Friday, August 14, 2009

White Rock

I just finished a new track that I call "White Rock". I call it that for no particular reason whatsoever, other than that's just what the melody invokes in my mind's eye.

This is the first track I have ever composed, recorded and mixed in Pro Tools. I recently purchased a copy of Pro Tools 8 M-Powered, which for the money is really a very good deal...when it works. I wasn't sure if I wanted this blog post to be about the music, or about the technology. Well, remembering what my Granny used to always say ("If you can't say something nice, then just don't say anything"), I think it best that this post be mostly about the music.

Mostly. Ok, so I've spent the better part of probably 60 hours using Pro Tools, most of that composing, recording and mixing this track. I've read large portions of the generous and well-written documentation. I've read most of Mike Collins' excellent book "Pro Tools 8: Music Production, Recording, Editing and Mixing" on my Kindle. All in all, it's been a very good learning experience, but it's also been quite frustrating. The program offers excellent work-flow and well-engineered tools (I suppose that is why it's the industry standard) but the stability...well, let's just say I've had some issues and leave it at that. I'll probably stick with Cakewalk Sonar for most of my future projects.

As I began to dabble about I had in my mind the idea for a very simple "Yes-like" kind of groove in D major, with all the Wakeman arsenal: Piano, Organ, Mellotron, Synths, Harpsichord and so on. I spent several days, a few hours each day, working on the "A" section, and at some point my son Jonathan wanted to hear it. What was really interesting was how much he LOVED the melody. He started humming along almost instantly, and would continue singing it for a long time after listening. It was really quite funny to hear a five-year-old humming along with the synthesizer! Every time he would come into the studio he would insist on hearing it, and he kept asking me "can we listen to this in the car?", to which I would have to reply "not yet, it's not finished"!

I had a bit of a struggle coming up with a good solid "B" section. Often times my "A" sections seem inspired, but my "B" sections feel contrived. But once I hit on it, I felt good about it. The next morning, I woke up singing the "B" section in my head, which is for me a good indication that it's a keeper. Though I wrote the chords for the "B" section on the strings, I ended up orchestrating that section using mostly harpsichord and Mellotron "flutes". I really enjoy the dynamics of the orchestration switching to these instruments from multiple synthesizers playing melody and harmony.

I remember reading something that electronic music composer Jean-Michael Jarre said once about his famous recording "Oxygène". Though there is a fair amount of repetition involved in this and all of his music, he mentioned that from an orchestration standpoint he tries to never do the same thing twice the same way in a track. So, part of the brain is hearing the repeated melody in the "A" section, and getting that sense of familiarity, while another part of the brain is noticing that each time it sounds slightly different, thus generating more drama and keeping the interest of the listener. Well, at least that's the idea, and it's what I tried to do here. So, while the "A" section repeats a total of three times (the last time after the "C" section, or bridge, and after having modulated from D to E Major), each time the choice of synthesizers changes and grows, as does the accompanying instruments.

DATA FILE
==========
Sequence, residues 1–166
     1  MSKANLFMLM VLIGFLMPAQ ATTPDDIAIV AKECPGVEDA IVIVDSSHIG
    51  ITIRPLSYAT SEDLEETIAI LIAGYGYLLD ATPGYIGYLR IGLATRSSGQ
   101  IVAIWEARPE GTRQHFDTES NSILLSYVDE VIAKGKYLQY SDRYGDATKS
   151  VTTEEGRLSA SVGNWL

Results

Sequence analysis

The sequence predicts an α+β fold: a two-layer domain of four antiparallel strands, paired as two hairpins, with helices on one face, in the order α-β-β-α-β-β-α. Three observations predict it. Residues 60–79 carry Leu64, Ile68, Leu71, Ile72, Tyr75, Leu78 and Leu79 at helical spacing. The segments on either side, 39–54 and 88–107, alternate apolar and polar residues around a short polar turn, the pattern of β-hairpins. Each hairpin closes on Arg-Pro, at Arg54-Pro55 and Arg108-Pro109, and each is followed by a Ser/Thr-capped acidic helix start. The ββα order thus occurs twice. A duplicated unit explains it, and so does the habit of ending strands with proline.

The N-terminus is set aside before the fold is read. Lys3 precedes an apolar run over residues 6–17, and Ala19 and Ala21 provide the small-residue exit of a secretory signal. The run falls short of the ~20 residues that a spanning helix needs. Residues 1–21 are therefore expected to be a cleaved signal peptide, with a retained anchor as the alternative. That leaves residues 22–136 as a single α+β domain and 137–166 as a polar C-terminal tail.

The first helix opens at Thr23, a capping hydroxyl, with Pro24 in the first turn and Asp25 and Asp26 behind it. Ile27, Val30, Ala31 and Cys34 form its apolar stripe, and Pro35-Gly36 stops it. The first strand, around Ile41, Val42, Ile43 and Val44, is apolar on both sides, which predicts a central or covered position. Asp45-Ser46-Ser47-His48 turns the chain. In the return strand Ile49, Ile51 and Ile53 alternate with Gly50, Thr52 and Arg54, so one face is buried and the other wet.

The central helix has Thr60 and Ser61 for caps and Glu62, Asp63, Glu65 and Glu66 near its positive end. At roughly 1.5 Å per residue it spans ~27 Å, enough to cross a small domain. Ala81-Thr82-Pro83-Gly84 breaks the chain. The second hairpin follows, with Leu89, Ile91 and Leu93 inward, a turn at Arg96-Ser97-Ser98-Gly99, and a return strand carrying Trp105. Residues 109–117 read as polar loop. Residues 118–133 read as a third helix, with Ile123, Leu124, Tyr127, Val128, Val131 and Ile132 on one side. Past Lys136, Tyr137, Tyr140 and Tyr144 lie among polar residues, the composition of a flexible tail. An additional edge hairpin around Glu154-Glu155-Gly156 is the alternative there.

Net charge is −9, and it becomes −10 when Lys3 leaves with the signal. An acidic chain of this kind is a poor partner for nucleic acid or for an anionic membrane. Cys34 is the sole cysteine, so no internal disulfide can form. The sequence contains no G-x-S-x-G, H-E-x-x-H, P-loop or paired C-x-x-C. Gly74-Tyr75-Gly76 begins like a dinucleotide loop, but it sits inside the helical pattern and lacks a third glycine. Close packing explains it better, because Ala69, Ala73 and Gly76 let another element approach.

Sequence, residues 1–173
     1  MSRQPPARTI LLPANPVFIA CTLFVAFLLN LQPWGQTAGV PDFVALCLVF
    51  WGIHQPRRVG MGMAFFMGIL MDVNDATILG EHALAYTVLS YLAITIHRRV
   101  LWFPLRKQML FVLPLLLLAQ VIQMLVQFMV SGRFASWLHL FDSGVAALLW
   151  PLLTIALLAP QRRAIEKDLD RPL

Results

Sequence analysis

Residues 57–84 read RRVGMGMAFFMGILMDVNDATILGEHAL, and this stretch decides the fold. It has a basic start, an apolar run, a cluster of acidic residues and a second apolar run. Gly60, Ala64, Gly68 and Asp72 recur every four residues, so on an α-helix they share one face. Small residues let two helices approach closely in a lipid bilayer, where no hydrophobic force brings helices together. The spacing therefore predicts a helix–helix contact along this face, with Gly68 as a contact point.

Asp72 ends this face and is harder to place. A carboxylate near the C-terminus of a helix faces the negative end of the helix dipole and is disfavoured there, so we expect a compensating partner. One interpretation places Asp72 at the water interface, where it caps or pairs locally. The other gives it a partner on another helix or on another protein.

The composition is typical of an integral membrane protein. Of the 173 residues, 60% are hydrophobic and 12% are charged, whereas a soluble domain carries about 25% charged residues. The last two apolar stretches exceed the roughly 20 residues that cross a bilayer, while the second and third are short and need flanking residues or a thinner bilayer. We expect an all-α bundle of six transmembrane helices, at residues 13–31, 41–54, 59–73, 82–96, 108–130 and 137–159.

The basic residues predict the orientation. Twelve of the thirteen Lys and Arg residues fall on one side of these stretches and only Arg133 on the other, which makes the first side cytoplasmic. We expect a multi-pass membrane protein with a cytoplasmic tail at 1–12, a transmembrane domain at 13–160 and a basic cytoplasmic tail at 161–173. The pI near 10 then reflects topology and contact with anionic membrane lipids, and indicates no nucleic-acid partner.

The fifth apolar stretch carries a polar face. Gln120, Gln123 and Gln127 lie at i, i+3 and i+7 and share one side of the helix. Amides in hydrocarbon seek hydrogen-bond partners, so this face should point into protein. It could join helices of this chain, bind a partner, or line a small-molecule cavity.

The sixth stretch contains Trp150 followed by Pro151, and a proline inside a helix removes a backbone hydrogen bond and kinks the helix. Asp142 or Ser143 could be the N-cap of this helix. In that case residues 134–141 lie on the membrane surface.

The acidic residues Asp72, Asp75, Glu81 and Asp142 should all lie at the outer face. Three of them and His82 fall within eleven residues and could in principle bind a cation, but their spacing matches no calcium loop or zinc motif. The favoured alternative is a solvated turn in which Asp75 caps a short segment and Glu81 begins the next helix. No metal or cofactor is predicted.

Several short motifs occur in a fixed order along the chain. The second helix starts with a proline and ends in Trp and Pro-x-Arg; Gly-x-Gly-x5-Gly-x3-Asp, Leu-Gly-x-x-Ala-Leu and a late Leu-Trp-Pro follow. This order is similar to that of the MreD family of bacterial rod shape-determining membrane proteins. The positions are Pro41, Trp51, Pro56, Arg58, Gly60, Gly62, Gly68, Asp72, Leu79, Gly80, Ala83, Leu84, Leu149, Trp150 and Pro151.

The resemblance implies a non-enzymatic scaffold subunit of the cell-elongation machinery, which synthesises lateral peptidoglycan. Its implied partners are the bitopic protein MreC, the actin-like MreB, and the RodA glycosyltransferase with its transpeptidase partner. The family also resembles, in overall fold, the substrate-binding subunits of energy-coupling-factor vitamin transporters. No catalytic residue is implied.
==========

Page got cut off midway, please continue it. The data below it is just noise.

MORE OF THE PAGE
Speaking of synths, Pro Tools 8 comes bundled with several, and I used two instances of the excellent "Vacuum" virtual analog synth for the initial melody lines, which I then later doubled and tripled using the Korg Mono-Poly and Arturia MiniMoogV synths.

For the organ, I tried out another Pro Tools bundled offering, the DB-33, a virtual Hammond organ and rotating speaker emulation. The piano is also another Pro Tools instrument, their Mini-Grand piano instrument. I must say that originally, I used my old stand-by's from Native Instruments, the B4 and Akoustic Piano for piano and organ, but then I decided to give the Pro Tools instruments and try, and they really stand up well in a track...the other benefit being that they are stable, which is more than I can say for many RTAS plug-ins not made by the Pro Tools people.

The strings and harpsichord are from IK Multimedia's Miroslav Philharmonik.

The Mellotron flute sound comes from GForce Software's M-Tron Pro.

The Bass Guitar samples are a custom sound I constructed in Kontakt3 using the DirectBass product from

The drums sounds you are hearing are from Toontrack's Superior Drummer 2.0, while the patterns themselves are from a company called "Odd Grooves" who sells MIDI drum patterns in all kinds of crazy odd time signatures (perfect for progressive rock), these being from their more tame "FourFour Drummer 2" product.

Hope you like this track! Don't forget to leave your comments (and remember what Granny used to say...)

here is a direct link to the mp3 for non-shockwave environments

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